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Encephalitis deaths cross 200 in northern India

August 25, 2005

LUCKNOW, India (Reuters) – More than two dozen people died
of encephalitis in the northern Indian state of Uttar Pradesh
on Thursday, taking the toll from an outbreak in the region
over 200, health officials said.

Top health officials in India’s most populous state
expressed concern the killer virus could spread after initially
being confined to the state’s eastern region.

“The virus grows largely between August and October, but
vaccination, which is the only effective preventive method,
cannot be administered after the outbreak of the disease,” the
state’s director-general of health, O.P. Singh, told Reuters.

Twenty-six people died, most of them in the eastern parts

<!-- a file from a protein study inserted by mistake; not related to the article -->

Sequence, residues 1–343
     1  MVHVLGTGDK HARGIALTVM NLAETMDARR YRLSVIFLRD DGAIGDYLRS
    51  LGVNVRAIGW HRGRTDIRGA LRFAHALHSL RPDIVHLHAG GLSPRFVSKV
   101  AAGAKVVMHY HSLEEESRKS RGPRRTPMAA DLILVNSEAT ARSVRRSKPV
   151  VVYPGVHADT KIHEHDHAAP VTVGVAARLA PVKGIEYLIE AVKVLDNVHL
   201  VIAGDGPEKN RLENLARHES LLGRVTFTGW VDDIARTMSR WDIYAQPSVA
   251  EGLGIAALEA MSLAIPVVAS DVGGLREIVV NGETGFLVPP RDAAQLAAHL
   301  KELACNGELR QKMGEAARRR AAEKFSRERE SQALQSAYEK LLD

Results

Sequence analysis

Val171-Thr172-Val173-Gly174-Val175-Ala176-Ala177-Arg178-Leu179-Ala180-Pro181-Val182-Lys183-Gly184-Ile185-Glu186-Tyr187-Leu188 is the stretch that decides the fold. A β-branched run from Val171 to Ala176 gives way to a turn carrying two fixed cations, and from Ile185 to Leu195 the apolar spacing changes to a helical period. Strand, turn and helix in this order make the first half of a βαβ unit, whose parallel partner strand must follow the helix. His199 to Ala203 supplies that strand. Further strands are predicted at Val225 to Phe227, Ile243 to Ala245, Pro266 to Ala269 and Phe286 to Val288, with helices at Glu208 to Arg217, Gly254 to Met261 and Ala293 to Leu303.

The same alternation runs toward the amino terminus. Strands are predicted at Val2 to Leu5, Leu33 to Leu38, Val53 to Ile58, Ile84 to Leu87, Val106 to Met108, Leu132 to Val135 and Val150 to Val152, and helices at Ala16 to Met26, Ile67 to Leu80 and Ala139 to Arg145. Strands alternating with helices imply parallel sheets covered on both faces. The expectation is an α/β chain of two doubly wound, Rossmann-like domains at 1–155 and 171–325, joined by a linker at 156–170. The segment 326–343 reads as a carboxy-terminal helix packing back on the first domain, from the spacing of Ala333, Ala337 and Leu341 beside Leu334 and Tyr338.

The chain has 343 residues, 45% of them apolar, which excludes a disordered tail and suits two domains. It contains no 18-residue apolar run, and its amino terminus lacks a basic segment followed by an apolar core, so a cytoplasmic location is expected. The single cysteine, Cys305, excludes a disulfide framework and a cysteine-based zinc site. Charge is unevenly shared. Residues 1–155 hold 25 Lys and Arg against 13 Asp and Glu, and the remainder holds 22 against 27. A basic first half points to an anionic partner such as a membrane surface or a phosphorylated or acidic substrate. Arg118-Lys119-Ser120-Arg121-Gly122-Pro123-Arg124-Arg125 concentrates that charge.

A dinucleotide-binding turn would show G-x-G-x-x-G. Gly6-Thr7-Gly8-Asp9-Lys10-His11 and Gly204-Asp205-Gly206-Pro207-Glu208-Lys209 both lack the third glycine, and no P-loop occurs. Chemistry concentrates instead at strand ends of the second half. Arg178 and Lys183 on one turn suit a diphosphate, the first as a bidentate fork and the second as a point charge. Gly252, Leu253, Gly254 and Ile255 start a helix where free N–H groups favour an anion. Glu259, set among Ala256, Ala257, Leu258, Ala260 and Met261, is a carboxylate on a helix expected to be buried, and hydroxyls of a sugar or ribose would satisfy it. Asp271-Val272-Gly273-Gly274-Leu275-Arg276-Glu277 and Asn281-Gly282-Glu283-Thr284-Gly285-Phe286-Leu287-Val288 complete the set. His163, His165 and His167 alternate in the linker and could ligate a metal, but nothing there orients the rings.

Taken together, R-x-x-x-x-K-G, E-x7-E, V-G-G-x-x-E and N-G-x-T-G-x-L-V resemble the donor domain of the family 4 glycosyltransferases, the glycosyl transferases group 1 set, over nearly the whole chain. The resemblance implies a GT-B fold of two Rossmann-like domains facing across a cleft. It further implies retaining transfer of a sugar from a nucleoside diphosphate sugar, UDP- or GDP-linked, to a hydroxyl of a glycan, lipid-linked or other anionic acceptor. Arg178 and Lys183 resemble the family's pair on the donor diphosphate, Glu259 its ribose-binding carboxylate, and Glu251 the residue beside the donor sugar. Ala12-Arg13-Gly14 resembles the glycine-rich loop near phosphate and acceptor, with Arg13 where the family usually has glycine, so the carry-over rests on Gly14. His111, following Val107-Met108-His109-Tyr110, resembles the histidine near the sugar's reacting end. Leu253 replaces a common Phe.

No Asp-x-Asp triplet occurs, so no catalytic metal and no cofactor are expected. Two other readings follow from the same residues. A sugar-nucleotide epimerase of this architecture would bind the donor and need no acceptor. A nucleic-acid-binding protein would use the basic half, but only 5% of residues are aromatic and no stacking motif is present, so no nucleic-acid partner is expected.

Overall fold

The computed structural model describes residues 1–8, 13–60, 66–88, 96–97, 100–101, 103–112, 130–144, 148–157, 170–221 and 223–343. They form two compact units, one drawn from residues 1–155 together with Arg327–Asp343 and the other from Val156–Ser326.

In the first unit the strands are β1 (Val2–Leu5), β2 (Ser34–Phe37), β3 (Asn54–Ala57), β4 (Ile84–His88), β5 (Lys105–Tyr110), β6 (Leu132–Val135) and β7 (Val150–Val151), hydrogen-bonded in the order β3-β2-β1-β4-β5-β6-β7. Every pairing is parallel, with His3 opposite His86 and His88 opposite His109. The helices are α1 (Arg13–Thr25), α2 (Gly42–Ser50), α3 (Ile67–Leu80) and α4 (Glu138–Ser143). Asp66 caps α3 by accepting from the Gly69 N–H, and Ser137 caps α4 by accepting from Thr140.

of the sprawling state, on Thursday to take the toll to 204.

The disease, an acute form of brain fever caused by a virus
spread by mosquitoes, has also spread to other parts of the
state including the provincial capital, Lucknow.

Encephalitis proliferates in water-logged parts of India
during the monsoon season. According to official estimates,
about 1,500 people have died of encephalitis in Uttar Pradesh
in the past 27 years.

India has suffered serious flooding during this year’s
monsoon season, which usually runs from June to September.

In Mumbai, formerly known as Bombay, and adjacent areas,
210 people have died of diseases such as malaria, leptospirosis
and gastroenteritis after the worst floods in history hit the
region three weeks ago.




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